After World War II, rapid technology development carried humans towards a supposedly bright future, fulfilling their eternal dream. But eventually war raged again and in the year 2077, the dream suddenly came to a halt and mushroom clouds dominated the sky. A few communities survived in their underground bunkers called “Vaults”; others mutated heavily. Overall, what was left of the world was nothing more than a nuclear wasteland filled with ruins of a once great civilization. Two hundred years later, the human kind slowly but surely leaves the vaults and reclaims the lands of Earth.
The protagonist is one of them. As a member of Vault 101 in the wasteland surrounding the city formerly known as Washington D.C. and now called “Capital Wasteland”, raised under the tight rule of the Overseer and the watchful eye of his father, he doesn’t know anything about what is outside. But on his nineteenth birthday, his father unexpectedly leaves the vault. The hero’s goal is to find him, learning part of the truth about what the Overseer concealed all these years on the way.
Fallout 3 is a role-playing game with elements of a 3D shooter. It retains many elements of the previous games in the series, while somewhat shifting the emphasis from social interaction and ethical role-playing to exploration of an open, continuous 3D world and combat. The player is free to explore the game’s world from the beginning, visiting many optional locations, talking to characters and completing side quests. The main quest line, however, is largely linear, posing moral choices to the player only during its final phase.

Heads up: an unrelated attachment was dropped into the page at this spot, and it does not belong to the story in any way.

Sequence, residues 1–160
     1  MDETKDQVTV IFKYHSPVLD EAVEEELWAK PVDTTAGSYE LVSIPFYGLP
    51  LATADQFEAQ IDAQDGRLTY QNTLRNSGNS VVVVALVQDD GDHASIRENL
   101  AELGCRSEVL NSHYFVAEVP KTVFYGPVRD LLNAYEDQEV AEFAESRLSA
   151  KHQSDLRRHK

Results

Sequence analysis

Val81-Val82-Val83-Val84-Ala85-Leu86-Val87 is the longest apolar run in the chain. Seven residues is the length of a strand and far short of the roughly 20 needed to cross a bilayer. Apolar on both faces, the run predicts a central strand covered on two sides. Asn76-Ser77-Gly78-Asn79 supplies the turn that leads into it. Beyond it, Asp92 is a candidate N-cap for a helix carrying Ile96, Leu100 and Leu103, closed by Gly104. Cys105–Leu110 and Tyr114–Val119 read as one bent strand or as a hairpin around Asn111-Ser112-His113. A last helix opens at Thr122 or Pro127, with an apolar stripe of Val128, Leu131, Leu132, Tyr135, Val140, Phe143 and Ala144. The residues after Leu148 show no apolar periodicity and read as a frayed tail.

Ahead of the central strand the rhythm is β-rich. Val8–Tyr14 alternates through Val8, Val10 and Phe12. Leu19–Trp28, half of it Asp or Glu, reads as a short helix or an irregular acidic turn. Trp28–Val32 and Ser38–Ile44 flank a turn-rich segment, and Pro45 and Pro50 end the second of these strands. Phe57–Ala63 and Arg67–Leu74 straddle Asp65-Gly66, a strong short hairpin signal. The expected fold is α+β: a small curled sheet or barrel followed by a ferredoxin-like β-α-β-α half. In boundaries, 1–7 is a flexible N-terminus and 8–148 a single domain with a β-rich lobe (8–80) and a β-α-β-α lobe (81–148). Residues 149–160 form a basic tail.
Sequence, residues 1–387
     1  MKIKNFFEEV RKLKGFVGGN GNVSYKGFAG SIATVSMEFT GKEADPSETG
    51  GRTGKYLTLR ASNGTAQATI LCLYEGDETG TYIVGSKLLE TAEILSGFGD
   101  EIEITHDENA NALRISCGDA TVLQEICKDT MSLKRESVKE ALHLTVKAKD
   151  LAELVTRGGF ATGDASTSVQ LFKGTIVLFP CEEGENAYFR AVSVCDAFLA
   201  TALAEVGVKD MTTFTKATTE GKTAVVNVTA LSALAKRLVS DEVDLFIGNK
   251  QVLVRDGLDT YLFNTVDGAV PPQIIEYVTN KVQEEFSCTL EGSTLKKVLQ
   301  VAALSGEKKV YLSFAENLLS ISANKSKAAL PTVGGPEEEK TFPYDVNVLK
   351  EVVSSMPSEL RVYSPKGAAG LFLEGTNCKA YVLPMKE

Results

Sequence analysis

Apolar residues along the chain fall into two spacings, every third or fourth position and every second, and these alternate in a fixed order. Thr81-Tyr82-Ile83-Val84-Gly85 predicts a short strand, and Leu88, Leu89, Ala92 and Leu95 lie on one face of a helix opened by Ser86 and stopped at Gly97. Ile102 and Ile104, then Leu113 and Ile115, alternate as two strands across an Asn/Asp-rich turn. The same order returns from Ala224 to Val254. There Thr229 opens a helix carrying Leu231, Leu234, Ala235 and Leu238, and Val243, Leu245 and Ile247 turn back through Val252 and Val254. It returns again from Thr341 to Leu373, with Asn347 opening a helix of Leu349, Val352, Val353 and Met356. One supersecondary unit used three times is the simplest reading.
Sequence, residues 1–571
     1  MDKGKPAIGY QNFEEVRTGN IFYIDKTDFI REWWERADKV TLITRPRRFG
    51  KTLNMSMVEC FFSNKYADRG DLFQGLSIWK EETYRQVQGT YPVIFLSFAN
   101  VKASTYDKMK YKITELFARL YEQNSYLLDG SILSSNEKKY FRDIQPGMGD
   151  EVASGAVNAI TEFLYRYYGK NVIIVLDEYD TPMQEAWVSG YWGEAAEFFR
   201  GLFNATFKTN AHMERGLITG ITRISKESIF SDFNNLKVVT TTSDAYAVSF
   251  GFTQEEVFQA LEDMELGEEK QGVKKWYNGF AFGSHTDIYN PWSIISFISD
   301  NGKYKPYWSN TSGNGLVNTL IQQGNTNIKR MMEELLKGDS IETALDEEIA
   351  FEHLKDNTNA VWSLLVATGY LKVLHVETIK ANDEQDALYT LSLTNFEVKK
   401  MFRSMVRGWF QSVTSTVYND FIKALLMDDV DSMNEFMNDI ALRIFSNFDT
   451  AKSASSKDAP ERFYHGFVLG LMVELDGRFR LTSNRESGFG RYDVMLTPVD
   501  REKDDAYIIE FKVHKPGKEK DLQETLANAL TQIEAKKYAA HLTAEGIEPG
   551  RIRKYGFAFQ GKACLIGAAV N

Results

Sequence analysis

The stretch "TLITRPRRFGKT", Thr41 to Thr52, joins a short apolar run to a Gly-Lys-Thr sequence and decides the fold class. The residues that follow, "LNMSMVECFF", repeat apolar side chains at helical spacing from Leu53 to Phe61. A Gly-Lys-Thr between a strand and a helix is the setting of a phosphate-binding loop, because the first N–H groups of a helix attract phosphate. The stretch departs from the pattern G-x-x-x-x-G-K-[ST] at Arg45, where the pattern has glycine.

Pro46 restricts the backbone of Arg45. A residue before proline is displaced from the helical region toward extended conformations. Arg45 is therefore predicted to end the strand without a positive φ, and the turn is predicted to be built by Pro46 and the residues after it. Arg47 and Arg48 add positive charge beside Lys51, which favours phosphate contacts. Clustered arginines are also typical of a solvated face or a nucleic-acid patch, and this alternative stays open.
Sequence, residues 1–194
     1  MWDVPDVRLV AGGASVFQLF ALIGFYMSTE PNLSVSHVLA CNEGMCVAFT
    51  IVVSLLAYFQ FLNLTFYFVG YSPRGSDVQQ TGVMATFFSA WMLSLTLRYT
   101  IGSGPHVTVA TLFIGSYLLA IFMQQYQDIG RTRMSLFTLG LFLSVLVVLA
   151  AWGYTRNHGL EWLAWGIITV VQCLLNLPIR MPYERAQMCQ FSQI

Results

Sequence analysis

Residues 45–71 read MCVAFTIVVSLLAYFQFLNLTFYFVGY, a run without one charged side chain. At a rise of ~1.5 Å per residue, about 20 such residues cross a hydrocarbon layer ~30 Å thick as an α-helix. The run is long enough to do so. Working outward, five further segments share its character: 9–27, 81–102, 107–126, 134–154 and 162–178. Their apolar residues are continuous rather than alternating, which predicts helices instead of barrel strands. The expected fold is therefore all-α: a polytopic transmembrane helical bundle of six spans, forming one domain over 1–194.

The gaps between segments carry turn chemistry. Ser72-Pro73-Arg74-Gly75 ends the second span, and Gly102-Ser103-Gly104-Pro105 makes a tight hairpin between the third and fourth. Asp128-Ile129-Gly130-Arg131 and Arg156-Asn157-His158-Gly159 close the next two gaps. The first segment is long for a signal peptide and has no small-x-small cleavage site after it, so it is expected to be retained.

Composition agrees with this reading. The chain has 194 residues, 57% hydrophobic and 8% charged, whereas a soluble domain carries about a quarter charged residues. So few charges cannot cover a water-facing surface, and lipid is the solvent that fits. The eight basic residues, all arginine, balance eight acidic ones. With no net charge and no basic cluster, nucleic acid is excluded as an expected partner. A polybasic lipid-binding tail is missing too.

Character creation and customization are similar to those of the previous games. The player shapes the main character by allocating points into the S.P.E.C.I.A.L. (Strength, Perception, Endurance, Charisma, Intelligence, Agility, and Luck) attributes. The skill system has been mostly carried over from the preceding installments, including weapon specializations (small and big guns, energy weapons, etc.), and active skills such as Science, Repair, Lockpick, and others. Passive skills, particularly Speech, play a lesser role than in earlier Fallout games. A few skills have been removed completely. Skill points and perks are acquired when the protagonist levels up.
Combat system has undergone a major overhaul. Tactical turn-based battles from the previous games have been replaced with two different combat modes; the player is able to switch between them at any time. The simpler system of these two is action-oriented, nearly indistinguishable from traditional 3D shooter combat. The player character equips a weapon (ranging from a baseball bat to the destructive mini-nuke-launcher) and attacks enemies with it; damage calculation is based on the participants’ statistics more than on the player’s dexterity, though the latter plays a role as well. In addition, the player can opt to switch to Vault-Tec Assisted Targeting System (V.A.T.S.) combat mode, a real-time system that allows the player to pause the game at any time and target specific regions of one or more enemies until the available action points are used. After all the actions have been assigned, the game plays them out in a slow motion.
The Karma system from the previous installments is back, keeping track of the main character’s actions and decisions made by the player throughout the course of the game. Ethically unacceptable actions reduce the player character’s Karma points.